Netflix is dividing in order to conquer. Sunday night, the company's co-founder and CEO Reed Hastings announced in a blog post that they would be splitting up their DVD-by-mail and streaming services into separate businesses. Netflix will live on as a streaming-only service, and in a few weeks, the DVD service will become Qwikster, a name that Hastings says "refers to quick delivery" and that tweeting tech types are havingablast making fun of. It's unclear how long they'd planned this move, but as one commenter at Fred Wilson's AVC blog pointed out, the fact that the @qwikster Twitter account is this morning still in the possession of a bored kid who tweets about smoking pot suggests the move wasn't planned too far in advance.
Coming hot on the heels of customer outrage over the higher prices and a panic on Wall Street after a million of those customers unsubscribed, the announcement unsurprisingly reads primarily as an apology. But Hastings isn't apologizing for the new prices; he's apologizing for his "arrogance" in moving too fast and not explaining the company's changing direction well enough. The new direction--and the tacit explanation for the new prices--is pointed aggressively away from DVD's. As Dan Frommer quipped, "What, you think the bad name, 'Qwikster,' is an accident?"
With this move, Hastings is reaffirming his long-held belief that streaming is the future of Netflix and the future of entertainment, and Wall Street can judge its progress by how well the streaming business is doing on its own. Separating the businesses will also force customers to make a choice, and it is obvious which choice Hastings wants them to make (hint: it starts with an “N”). Earlier today, I wrote a post beseeching Hastings not to listen to Wall Street after his stock got hammered. You’ve got to give him credit for moving fast in the direction where he thinks the greatest opportunity lies.
The demise of the DVD is also inevitable points out Ryan Lawler at GigaOm, and as any savvy company would do, Netflix is paying attention to customer behavior:
All that said, separating the two could also hasten the demise of the DVD-by-mail business, if the company’s recent subscriber guidance is any indication of user's interest in a standalone DVD-by-mail service. After all, it was that part of the forecast that Netflix most badly misjudged. The company expected 3 million standalone DVD subscribers when it first gave guidance on its second-quarter earnings call, and revised that downward by 800,000 in its updated forecast.
Nevertheless, a number of indicators suggest that Hastings' move was rather hasty suggests Alexis Madrigal at The Atlantic. And @qwikster's tweets aren't the only ones:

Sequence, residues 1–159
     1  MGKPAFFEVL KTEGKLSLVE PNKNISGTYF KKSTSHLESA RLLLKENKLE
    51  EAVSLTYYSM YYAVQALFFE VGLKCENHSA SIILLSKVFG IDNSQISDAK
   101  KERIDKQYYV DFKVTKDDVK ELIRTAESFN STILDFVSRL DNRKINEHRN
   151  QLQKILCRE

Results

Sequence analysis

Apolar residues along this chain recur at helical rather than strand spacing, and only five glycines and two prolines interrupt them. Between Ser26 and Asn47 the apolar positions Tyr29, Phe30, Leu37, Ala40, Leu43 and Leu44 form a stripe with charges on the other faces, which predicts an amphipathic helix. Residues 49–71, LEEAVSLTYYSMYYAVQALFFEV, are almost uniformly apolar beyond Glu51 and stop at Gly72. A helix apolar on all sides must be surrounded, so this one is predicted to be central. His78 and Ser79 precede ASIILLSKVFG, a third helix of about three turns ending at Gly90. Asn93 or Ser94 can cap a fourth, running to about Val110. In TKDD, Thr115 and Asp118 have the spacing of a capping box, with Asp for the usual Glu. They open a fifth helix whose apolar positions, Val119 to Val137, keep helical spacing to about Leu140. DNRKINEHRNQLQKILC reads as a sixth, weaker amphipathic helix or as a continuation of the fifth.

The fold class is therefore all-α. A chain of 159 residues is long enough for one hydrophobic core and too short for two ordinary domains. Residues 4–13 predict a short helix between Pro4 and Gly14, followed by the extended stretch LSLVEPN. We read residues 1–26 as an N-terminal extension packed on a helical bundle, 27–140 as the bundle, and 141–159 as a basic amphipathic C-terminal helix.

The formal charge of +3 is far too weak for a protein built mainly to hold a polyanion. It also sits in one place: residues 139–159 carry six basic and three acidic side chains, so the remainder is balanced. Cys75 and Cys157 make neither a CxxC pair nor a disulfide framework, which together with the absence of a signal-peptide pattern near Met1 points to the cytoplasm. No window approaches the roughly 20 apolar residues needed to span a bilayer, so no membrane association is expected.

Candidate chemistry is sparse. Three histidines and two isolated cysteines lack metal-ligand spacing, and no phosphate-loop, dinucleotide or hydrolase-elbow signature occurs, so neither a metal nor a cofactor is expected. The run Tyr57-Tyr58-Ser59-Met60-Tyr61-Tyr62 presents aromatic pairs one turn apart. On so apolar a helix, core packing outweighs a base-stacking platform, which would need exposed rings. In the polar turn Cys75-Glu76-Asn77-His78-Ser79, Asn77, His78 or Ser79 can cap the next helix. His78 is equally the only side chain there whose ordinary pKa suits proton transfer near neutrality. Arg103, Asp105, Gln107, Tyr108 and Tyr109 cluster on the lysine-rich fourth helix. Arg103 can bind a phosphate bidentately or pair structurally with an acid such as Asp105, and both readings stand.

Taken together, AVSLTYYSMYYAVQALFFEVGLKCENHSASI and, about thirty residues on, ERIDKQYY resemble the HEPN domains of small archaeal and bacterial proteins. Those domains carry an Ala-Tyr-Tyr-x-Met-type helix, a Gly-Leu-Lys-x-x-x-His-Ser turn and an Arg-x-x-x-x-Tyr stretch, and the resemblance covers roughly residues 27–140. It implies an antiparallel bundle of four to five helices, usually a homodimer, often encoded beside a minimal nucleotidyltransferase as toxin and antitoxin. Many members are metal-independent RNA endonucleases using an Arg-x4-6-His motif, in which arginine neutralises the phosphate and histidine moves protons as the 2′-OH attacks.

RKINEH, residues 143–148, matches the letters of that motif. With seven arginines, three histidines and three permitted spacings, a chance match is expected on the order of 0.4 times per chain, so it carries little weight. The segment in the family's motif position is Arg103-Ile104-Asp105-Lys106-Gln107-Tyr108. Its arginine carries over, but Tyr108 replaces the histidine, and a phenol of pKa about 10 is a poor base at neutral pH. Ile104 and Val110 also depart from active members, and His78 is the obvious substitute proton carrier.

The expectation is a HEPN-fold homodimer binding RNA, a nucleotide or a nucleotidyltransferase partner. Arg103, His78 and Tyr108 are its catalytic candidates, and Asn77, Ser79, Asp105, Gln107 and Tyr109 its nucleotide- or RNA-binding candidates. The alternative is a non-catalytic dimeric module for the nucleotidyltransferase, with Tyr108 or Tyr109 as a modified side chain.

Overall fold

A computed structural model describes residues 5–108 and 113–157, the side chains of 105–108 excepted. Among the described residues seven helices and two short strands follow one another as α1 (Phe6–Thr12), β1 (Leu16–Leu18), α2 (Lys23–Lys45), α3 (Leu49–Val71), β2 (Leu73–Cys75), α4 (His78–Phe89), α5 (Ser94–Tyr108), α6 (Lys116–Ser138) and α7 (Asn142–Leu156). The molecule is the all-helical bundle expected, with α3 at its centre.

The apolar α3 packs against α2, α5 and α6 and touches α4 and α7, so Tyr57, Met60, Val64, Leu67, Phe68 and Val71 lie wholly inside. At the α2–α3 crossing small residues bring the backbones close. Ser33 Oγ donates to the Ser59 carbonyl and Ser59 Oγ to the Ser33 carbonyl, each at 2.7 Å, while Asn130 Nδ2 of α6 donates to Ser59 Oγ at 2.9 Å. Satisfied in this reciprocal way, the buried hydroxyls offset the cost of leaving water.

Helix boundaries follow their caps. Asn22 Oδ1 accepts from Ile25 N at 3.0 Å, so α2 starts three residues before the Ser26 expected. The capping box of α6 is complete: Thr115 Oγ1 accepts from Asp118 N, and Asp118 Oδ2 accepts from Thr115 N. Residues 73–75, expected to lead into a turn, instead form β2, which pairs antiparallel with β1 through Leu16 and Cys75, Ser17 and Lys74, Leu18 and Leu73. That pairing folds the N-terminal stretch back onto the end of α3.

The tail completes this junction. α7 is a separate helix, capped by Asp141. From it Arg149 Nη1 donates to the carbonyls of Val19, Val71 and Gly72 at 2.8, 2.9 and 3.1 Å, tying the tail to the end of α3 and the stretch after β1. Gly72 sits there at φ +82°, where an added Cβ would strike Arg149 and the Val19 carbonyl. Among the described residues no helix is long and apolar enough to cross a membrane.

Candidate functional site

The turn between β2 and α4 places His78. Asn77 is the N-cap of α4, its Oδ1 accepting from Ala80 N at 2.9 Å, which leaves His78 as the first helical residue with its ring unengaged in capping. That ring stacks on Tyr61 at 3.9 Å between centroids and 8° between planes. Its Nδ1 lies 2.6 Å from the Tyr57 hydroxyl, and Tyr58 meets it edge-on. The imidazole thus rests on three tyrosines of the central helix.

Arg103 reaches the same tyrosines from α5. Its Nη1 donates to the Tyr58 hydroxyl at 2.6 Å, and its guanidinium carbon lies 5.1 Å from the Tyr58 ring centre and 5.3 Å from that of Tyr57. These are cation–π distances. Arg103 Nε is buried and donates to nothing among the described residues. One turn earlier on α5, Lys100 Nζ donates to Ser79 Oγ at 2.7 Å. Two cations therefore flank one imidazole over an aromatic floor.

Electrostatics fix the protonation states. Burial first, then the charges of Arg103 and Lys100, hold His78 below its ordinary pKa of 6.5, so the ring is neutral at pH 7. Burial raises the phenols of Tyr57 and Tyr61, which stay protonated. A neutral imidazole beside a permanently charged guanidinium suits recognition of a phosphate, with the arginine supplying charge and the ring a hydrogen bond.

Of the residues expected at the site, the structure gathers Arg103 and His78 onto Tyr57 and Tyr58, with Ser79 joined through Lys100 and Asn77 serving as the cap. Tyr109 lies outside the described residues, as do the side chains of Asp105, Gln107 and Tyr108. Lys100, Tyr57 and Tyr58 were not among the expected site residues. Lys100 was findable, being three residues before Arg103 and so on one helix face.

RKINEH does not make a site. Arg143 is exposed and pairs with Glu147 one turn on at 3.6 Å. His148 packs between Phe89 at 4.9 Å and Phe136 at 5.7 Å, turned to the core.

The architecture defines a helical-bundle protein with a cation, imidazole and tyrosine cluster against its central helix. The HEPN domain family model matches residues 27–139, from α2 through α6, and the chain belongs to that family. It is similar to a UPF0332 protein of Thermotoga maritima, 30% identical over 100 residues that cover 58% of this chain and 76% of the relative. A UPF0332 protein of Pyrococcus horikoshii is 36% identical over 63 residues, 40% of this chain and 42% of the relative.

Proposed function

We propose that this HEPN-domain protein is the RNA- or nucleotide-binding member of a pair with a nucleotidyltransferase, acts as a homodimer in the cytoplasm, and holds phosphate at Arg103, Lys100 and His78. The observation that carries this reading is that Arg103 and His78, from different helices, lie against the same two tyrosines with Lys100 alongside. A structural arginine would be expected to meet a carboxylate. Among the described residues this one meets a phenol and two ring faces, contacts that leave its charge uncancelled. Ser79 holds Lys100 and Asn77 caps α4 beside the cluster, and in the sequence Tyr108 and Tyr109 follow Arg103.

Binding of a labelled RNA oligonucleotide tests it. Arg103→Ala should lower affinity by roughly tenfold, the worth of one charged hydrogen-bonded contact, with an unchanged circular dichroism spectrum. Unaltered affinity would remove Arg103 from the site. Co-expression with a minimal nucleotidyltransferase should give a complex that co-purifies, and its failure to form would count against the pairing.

Leaving aside whether it's wise to guide a company based on a hunch about history, there are a couple of indications that Netflix might be moving too fast. Number one is that they didn't secure the Twitter handle @Qwikster or the homophone domain Quickster.com. Based on his tweets, @Qwikster is a young male who likes to smoke pot more than he likes to tweet. Quickster is owned by a domain name squatter advertising various types of flooring.
I have to wonder if Hastings started to panic as Netflix stock nosedived last week. After peaking at over $300 during the summer, Netflix's share price is down to $155. It has lost almost a quarter of its value in just the past week of trading.
Short-term fumbles aside, Netflix didn't have many other options in the long-term argues Dan Frommer:
Netflix first has to convince Hollywood to stream its best movies, and it needs to train consumers to stream movies as a default behavior. That means making sure that the streaming business can stand on its own. And that means separating DVDs from the equation, and doing as much as possible to get everyone to stop using them, short of blatant sabotage. …
This is pretty bold move, and things could even get uglier and less certain for Netflix in the short-term. But ultimately, it’s the right decision, and Netflix investors should be happy they have a CEO who is actively building for the future, and not sitting around, waiting for someone else to take the lead.
Hastings also announced that Qwikster will also offer video game rentals by mail to customers, a market previously uninhabited by Netflix. Games will be available for the Xbox 360, PS3 and the Nintendo Wii. This is a new market that could make many subscribers happy and breathe new life into the DVD side of the business by adding a new revenue stream.
However, it’s impossible to see how the split itself benefits customers. The price and plan changes that flustered many of them months ago remain in place, but the company now directs them to two web sites with two search indexes, two completely separate sets of recommendations, two entries on their credit card statements, and so forth.
Wall Street approves--sort of. Netflix stock was up very slightly in pre-market trading Monday morning.
This article is from the archive of our partner The Wire.